CHESNUTT, CHARLES W. The son of runaway slaves from Fayetteville, North Carolina, Charles Waddell Chesnutt was born in Cleveland, Ohio in 1858. Following the conclusion of the Civil War, the entire family returned to Fayetteville. Chesnutt remained in North Carolina until 1883. Disgusted with southern racial attitudes, he moved to New York and, later, returned to Cleveland. Largely self-educated, Chesnutt passed the Ohio bar in 1887. In addition, he was an accomplished stenographer, having worked for Dow Jones in New York and for a railroad company in Cleveland. It was as a writer of novels and short stories, however, that Chesnutt acquired national recognition.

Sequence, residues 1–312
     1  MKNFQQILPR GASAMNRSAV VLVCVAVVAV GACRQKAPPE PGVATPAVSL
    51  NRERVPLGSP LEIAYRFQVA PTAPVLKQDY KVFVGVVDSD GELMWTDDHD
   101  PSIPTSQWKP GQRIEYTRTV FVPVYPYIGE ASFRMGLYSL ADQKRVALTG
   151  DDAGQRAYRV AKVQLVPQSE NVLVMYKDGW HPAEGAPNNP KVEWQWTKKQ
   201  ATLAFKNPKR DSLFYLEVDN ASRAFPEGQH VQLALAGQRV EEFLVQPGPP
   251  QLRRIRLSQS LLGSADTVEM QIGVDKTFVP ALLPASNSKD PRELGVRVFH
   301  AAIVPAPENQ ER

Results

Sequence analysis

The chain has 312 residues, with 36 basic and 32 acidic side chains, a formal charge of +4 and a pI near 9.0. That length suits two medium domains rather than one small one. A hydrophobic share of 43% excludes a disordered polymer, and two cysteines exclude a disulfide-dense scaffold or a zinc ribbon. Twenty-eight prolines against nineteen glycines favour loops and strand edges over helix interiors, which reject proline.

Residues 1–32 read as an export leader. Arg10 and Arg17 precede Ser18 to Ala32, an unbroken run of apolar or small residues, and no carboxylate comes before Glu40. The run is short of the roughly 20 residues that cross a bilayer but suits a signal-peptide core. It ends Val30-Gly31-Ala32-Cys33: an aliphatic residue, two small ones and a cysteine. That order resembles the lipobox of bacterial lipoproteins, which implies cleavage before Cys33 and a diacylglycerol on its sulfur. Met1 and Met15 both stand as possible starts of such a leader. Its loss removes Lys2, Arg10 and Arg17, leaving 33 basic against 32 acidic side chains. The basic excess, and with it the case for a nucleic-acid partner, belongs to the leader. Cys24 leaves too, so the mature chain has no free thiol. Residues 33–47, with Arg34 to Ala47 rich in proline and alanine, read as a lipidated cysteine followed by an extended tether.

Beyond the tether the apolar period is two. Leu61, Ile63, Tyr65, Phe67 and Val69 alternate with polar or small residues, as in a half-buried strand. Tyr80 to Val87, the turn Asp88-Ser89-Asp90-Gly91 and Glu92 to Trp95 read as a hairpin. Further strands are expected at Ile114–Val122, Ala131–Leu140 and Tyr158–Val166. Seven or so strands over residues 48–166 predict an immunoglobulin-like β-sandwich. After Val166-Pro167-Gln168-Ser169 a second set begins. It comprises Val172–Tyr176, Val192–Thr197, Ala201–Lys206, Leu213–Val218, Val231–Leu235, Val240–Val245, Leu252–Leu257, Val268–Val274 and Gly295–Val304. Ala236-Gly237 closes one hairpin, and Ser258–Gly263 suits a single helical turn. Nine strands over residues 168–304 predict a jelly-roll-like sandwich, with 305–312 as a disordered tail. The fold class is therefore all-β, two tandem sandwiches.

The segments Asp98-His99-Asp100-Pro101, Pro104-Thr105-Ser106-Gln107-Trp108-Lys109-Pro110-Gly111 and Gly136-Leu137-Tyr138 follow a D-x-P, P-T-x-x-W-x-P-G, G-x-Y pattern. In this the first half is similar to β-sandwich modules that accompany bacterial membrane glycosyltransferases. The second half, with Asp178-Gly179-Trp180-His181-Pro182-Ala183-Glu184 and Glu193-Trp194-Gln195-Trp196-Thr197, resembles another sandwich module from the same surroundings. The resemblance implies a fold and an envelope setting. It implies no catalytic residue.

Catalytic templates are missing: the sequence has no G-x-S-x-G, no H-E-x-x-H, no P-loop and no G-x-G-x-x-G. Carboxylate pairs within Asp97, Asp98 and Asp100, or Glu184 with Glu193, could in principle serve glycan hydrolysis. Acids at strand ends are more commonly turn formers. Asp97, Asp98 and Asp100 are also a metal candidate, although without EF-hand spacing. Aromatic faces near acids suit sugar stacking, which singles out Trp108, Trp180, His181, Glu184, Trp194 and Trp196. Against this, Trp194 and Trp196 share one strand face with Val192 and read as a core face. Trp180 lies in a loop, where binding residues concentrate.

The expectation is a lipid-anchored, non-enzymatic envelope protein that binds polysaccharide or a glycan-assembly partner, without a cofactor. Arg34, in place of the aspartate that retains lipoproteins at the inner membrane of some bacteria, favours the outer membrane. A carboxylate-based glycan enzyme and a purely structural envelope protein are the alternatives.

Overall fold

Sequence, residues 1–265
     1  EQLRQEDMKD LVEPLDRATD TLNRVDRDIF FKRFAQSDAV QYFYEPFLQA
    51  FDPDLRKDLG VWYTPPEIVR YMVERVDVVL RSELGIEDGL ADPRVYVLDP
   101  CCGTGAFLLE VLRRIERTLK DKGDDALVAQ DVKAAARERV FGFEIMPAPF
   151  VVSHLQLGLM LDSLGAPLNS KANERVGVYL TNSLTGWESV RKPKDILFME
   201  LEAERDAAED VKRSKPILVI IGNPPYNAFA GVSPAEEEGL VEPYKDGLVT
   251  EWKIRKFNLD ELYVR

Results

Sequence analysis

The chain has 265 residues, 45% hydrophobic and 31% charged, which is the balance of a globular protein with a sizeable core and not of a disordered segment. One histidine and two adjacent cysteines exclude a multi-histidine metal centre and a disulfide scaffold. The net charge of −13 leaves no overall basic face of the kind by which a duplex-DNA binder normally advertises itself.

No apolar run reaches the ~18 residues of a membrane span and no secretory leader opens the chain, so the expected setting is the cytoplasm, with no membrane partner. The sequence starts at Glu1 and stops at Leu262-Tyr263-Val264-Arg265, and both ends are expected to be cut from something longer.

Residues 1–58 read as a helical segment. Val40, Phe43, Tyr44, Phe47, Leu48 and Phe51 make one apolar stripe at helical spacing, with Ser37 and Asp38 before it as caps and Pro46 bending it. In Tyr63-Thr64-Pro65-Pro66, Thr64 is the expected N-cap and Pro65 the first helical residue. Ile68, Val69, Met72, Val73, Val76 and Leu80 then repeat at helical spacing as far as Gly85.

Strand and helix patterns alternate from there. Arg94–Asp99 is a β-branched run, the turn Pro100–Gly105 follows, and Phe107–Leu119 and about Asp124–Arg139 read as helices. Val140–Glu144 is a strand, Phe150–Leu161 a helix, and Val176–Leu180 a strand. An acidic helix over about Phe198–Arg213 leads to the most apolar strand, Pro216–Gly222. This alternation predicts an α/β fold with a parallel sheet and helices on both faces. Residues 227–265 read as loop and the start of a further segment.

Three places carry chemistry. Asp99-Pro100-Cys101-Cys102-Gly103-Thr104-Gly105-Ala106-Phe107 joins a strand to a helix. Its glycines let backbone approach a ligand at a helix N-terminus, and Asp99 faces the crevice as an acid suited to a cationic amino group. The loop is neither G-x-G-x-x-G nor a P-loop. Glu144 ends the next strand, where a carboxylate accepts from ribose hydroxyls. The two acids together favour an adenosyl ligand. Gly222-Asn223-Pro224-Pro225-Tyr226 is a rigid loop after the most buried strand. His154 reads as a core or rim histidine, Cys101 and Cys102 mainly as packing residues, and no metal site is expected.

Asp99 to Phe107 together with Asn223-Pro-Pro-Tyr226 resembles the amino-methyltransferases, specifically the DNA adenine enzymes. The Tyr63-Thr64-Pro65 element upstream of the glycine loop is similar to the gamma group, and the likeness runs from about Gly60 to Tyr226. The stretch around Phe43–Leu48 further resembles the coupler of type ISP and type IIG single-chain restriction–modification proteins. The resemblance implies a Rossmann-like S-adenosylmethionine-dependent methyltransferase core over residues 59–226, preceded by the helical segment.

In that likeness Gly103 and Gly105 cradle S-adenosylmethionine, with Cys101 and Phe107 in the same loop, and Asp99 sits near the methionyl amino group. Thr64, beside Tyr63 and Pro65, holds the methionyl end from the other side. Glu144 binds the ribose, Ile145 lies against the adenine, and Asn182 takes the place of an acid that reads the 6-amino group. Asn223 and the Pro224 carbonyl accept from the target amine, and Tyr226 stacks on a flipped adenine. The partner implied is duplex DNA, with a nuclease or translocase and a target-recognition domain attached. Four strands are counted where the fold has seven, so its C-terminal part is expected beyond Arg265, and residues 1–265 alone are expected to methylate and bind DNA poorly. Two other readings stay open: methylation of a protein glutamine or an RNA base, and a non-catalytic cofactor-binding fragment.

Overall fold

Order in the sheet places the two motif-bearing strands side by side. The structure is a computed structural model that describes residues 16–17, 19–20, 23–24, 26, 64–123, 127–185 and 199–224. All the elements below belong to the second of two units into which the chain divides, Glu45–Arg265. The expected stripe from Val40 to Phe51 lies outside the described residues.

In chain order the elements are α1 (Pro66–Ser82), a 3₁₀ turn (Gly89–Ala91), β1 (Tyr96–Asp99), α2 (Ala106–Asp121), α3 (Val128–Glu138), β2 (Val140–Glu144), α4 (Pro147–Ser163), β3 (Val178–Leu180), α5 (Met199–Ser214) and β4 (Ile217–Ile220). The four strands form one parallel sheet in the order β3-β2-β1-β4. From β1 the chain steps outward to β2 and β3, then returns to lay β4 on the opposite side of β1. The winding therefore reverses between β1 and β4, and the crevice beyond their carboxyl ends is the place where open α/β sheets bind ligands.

Although he had written a column for the New York Mail and Express and had contributed a number of articles and poems to newspapers and journals during the early 1880's, Chesnutt's first important work, "The Goophered Grapevine," did not appear in the Atlantic Monthly until 1887. This was followed by two collections of short stories published in 1899 (The Conjure Woman and The Wife of His Youth). His first novel, The House Behind the Cedars (1900), dealt convincingly with a black girl's attempt to "pass" as white. Most of his stories and novels, including his final two books, The Marrow of Tradition (1901) and The Colonel's Dream (1905), were sensitively written accounts of the American racial dilemma from a black man's point of view. Chesnutt died in 1932.